Akhenaten was an anomaly in Egyptian history, and not one theEgyptians were particularly proud of. In this Akhenaten homeschool lesson we will be looking at what made him so different, as well as looking at how he changed the nature of art, specifically relief work during his reign.
Amenhotep IV, The Early Years
Akhenaten was born Amenhotep IV and became reigning Pharaoh between 1353-1336 BC. Son of Amenhotep III, he wasn’t destined for the throne. That job fell to his brother, crown prince Thutmose. However, after the death of Thutmose, Amenhotep IV became his father’s heir.
It is thought that there was a period of coregency with both father and son ruling together. Regardless, it seems Amenhoptep IV came to rule at around 1353 BC. There is much evidence that suggests Amenhotep IV believed in many gods, just like all the Pharaohs who came before. He is pictured worshipping many gods and inscriptions point towards a Pharaoh to whom the traditional gods held significant importance. In addition, the high priest of Amun was still in situ during Amenhotep’s first four years at the throne.
A Change of Name
It was in his fifth year of rule that Amenhotep seemed to change the course of his belief system, a belief system which was entrenched in Egyptian history. Whilst Amenhotep continued to be seen to worship all Egyptian gods, there were indications that he was prioritising Aten. He began to build temples exclusively for the worship of Aten. However, the main change was in his name. At the end of his fifth year of rein, a stela at Akhetaten indicated he had a change of name from Amenhotep IV to Akhenaten.
The name change signified him breaking his devotion to Amun and transferring it to Aten, with his new name meaning ‘in service to Aten’.
This was huge!
Egypt was famous for its sophisticated religious structure of gods and goddesses, and now the greatest ‘god’ of all, their Pharaoh, was telling the Egyptians that from now on, they would need to worship only one god – Aten.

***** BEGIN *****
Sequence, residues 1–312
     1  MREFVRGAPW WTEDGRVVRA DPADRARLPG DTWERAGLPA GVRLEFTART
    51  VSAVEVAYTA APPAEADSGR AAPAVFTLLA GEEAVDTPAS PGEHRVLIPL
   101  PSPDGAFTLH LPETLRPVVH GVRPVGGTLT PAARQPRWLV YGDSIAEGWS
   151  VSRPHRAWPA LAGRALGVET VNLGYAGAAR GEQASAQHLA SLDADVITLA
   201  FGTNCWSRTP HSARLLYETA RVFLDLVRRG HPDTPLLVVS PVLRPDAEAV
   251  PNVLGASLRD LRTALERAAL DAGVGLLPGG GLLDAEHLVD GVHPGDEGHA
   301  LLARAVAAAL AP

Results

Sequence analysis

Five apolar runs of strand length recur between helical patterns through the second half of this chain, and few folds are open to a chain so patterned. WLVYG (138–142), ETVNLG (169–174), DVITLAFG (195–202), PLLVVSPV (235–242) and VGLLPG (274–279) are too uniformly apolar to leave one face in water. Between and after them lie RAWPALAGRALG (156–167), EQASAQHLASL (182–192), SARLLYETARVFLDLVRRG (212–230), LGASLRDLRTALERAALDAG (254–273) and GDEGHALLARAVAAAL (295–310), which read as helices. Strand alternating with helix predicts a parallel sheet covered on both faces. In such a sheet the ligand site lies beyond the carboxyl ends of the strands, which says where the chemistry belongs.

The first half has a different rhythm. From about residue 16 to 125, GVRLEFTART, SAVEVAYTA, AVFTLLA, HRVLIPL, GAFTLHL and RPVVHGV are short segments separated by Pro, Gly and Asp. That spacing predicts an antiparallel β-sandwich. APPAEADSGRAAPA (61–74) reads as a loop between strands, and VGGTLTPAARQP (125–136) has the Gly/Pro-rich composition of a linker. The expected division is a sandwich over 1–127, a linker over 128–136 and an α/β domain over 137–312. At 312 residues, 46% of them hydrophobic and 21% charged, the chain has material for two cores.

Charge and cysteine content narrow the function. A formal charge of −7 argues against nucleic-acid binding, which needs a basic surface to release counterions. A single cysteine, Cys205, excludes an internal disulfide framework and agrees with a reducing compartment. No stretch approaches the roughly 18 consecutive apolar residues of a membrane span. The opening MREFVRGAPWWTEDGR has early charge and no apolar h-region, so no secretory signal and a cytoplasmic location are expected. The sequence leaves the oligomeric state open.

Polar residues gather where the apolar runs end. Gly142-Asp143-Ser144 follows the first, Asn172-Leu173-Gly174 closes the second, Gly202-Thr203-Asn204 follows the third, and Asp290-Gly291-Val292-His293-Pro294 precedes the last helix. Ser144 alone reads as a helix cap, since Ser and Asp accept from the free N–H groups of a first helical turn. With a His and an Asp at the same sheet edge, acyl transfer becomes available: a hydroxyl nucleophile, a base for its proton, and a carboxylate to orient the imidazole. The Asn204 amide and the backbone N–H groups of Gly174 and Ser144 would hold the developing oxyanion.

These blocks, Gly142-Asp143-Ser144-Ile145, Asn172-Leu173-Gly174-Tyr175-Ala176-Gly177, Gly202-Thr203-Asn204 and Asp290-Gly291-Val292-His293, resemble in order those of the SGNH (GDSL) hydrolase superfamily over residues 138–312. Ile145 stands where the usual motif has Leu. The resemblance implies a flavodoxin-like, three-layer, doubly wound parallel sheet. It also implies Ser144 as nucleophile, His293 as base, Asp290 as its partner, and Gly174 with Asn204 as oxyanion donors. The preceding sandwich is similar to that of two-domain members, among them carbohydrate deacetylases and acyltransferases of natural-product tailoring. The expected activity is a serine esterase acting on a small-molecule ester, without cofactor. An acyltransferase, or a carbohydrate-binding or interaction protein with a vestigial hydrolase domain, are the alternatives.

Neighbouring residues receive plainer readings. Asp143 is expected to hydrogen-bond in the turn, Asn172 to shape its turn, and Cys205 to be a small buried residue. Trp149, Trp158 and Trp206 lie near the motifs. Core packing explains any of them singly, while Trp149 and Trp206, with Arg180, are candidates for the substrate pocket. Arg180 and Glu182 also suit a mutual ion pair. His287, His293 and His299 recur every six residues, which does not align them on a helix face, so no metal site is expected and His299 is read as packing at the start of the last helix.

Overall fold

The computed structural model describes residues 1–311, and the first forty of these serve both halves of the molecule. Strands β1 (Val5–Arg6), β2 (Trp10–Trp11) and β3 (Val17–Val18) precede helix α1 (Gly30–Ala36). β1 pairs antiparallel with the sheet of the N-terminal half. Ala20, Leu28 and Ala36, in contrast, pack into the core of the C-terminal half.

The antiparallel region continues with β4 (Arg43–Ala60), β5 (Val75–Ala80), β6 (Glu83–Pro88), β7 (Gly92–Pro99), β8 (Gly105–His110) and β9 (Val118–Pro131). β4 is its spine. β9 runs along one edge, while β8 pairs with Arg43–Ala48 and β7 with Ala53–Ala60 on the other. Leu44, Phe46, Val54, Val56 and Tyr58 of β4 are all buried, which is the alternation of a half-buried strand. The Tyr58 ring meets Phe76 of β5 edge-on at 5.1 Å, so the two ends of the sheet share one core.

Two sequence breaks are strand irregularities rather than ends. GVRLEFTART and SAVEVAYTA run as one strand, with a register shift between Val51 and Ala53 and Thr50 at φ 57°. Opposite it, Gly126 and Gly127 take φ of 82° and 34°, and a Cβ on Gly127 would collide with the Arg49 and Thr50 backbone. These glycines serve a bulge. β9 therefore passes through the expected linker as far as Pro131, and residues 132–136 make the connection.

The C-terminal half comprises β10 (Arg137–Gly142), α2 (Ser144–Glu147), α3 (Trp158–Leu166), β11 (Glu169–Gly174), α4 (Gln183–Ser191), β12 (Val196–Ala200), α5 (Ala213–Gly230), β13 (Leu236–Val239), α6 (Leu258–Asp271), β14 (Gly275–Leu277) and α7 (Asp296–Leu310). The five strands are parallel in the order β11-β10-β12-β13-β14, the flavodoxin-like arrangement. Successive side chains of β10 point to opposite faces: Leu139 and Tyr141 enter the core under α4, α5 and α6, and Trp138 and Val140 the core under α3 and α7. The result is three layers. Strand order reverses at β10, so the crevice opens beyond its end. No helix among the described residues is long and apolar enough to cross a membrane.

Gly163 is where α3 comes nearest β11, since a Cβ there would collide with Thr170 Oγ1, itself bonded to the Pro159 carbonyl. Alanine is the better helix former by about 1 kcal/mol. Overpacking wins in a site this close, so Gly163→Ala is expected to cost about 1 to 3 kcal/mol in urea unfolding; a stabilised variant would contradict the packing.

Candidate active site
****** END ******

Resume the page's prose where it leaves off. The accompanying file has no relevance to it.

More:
Needless to say, they were not impressed! In fact, they were horrified, scared what the old gods would say.
Regardless, Akhenaten and his wife Nefertiti, ploughed on. For a country so entrenched in its religion, rituals and rules, Akhenaten’s point of view was difficult. In fact, it is thought he was one of the least popular Pharaohs. He made many changes. The change we will be focusing on during this Akhenaten homeschool lesson is the change he made to how he, as a Pharaoh, is portrayed in art, specifically relief art.
Akhenaten Warts and All
Over the years, Egyptian artists had become more and more rule based. Most Egyptian art of the past reflected a style known as frontalism. Frontalism requires Egyptian artists to adhere to very specific code for producing art. This code dictates that the figure’s head is shown in the side view, whilst the body is shown in the front view. This means the art in ancient Egypt was very formal, stiff and impersonal. However, there was a type of unity over the ages which was very characteristic of Egypt.
Akhenaten insisted that he be shown as he was in real life. This meant his rather large nose and chin needed to be included as is rather than smoothed away. He wanted to be instantly recognisable, rather than one of many very similar looking Pharaohs. In fact, he went one step further. He did not want the formal poses of times gone by. Instead, he insisted the artists to create real representations of him and his wife playing with his children:
Worse yet, he outlawed the representation of the many gods. This meant none of the familiar god-heads be shown such as the cats, crocodiles, hawks and jackals. Instead he ruled that only Aten be represented by a singular orb of the sun. Rays were to extend out with hands. These rays needed to be touching each member of his family. Akhenaten wanted his family with Aten beaming down overhead.
Akhenaten Homeschool Lesson: Replicating the Relief
We decided to attempt to recreate the above relief, with Akhenaten and Nefertiti holding three of their rather alarming looking children. We rolled out the clay and cut it down to a square block. Using all the tools available to us we began carving.
Oh. My. Goodness.
We were at it for over three hours. My back and my neck were cramped, and I had no feeling in my hands…
And this is all we managed to create:
This was SO hard! I completely have a new appreciation of the artists of his time. We were working on fairly soft clay with hard tools which carved into the clay with relative ease. They had to carve blocks of hard stone with tools made from bronze. It was hard going for them! I am almost embarrassed by our own paltry efforts.